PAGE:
Michelle Ceynar was the first in her family to attend college, and now she’s a professor of psychology at Pacific Lutheran University.
And for her, the two identities — a first-generation graduate and a woman in academia — intersect, especially when it comes to hard work.
“I always have done what I’ve needed to do,” Ceynar said. “I think that comes from growing up in a blue-collar kind of background.”
The same approach applies for female faculty members: “We just kind of do what we feel like we need to do to get good teaching evaluations, and do what we think students are expecting and what is expected of us.”
But Ceynar says a frustrating feeling results from this level of accommodation — especially after realizing some of her colleagues aren’t approaching their work in quite the same way.
“You see that people have other ways of doing it and you never thought to ask or you didn’t realize that somebody else knew a different way,” Ceynar said.
Her experience as a first-generation college student uncovered similar feelings of unfamiliarity.
Ceynar was always college bound; her mom made sure of it. It wasn’t until graduate school that Ceynar sensed that other people knew things she didn’t.
“I began to realize that a lot of these other grad students had a different sense of how to do this stuff than I did and I was still too afraid to ask at that point,” she said. “I’ve also felt that as a faculty member, and I’ve got a lot of colleagues whose parents went to college and grew up around colleges and they know things that I don’t know about sabbaticals, for example.”
The sense of her personal unknowns has spurred curiosity in her professional life, extending to her most recent research. Ceynar is keenly interested in the ways female professors are treated differently in academia. Ceynar’s recent research focuses on how female professors face different expectations from students, compared to their male counterparts. Ceynar partnered with researchers from Eastern Washington University and Bridgewater State University in Massachusetts.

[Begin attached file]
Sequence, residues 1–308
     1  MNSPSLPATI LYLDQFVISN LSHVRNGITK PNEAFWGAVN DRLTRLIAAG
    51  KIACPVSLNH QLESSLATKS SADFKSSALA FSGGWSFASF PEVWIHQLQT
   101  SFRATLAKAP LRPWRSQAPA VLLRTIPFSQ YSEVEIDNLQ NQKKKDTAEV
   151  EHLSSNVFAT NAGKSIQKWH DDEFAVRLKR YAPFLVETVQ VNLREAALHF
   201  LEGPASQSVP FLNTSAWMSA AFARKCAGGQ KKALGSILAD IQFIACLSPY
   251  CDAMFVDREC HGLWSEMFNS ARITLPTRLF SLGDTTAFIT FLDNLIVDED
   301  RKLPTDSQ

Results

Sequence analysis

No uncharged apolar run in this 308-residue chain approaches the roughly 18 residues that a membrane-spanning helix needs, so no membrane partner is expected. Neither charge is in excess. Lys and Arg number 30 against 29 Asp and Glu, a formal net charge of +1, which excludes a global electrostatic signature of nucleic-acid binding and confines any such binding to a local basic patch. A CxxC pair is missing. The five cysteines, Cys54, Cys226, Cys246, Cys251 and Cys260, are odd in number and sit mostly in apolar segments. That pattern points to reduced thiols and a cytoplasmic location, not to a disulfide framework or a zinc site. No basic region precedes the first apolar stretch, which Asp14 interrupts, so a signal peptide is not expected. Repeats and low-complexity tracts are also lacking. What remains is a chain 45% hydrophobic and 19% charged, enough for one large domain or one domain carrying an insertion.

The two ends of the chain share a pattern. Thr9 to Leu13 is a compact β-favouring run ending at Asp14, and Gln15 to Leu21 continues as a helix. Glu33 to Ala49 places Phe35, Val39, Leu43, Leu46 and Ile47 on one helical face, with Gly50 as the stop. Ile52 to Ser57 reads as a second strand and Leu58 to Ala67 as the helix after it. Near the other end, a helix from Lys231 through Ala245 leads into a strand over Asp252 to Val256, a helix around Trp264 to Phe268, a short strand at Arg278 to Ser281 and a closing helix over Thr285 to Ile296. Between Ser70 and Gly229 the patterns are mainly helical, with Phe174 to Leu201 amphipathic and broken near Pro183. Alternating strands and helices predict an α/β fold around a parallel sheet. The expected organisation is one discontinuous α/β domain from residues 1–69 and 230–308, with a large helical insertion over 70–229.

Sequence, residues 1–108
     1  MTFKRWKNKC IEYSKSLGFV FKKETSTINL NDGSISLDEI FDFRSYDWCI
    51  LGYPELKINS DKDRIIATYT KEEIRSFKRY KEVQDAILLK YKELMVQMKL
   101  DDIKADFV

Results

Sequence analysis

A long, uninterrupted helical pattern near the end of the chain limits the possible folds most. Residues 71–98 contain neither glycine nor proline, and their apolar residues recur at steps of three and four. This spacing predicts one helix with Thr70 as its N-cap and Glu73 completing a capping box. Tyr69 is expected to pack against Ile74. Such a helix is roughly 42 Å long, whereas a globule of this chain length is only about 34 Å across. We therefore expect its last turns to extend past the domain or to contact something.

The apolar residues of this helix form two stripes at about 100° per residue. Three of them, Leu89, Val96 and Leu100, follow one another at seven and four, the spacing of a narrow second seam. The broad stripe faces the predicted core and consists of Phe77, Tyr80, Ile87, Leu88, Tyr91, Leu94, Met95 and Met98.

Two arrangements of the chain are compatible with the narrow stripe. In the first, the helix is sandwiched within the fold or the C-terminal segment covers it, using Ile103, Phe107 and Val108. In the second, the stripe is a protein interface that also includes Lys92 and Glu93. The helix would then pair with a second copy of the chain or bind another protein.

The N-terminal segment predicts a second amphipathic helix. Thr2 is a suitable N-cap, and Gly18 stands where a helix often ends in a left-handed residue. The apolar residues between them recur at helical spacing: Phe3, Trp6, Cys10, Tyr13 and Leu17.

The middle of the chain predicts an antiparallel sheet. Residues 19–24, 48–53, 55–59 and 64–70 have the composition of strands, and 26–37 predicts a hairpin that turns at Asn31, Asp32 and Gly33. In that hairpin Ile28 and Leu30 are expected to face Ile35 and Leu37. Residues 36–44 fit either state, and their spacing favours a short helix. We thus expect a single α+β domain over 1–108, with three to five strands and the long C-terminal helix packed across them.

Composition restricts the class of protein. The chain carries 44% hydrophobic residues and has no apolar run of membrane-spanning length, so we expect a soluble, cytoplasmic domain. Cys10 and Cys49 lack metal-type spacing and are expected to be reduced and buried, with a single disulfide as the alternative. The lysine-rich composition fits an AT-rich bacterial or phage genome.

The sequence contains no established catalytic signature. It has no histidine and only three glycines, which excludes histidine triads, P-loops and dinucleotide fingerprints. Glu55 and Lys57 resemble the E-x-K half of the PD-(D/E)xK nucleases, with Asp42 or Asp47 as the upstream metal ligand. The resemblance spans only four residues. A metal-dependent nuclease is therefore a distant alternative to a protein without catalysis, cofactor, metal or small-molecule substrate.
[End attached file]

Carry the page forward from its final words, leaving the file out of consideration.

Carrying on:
“We realized that there are lots of subtle things that women end up having to deal with that we don’t think our male colleagues do,” Ceynar said.
Those differences include students repeatedly asking for extensions on papers, students sharing deep personal stories, or comments from students about female professors’ attire or age.
Ceynar and her research partners sent out a survey to professors around the country and measured the results against a scale that calculates emotional labor — the process of managing emotions to satisfy requirements of a job — in the workforce.
Ceynar noted that the study was informed by the researchers’ personal experiences, too.
“So when we started sharing some of the ways we had been disrespected and feeling like it had been gendered in some way, we started adding those things into our survey,” she said.
They found that students more often display friendship behaviors with their female professors. For example, a female professor having to assign a bad grade to a student who just told her about a death in the family may be challenging to negotiate for the faculty member.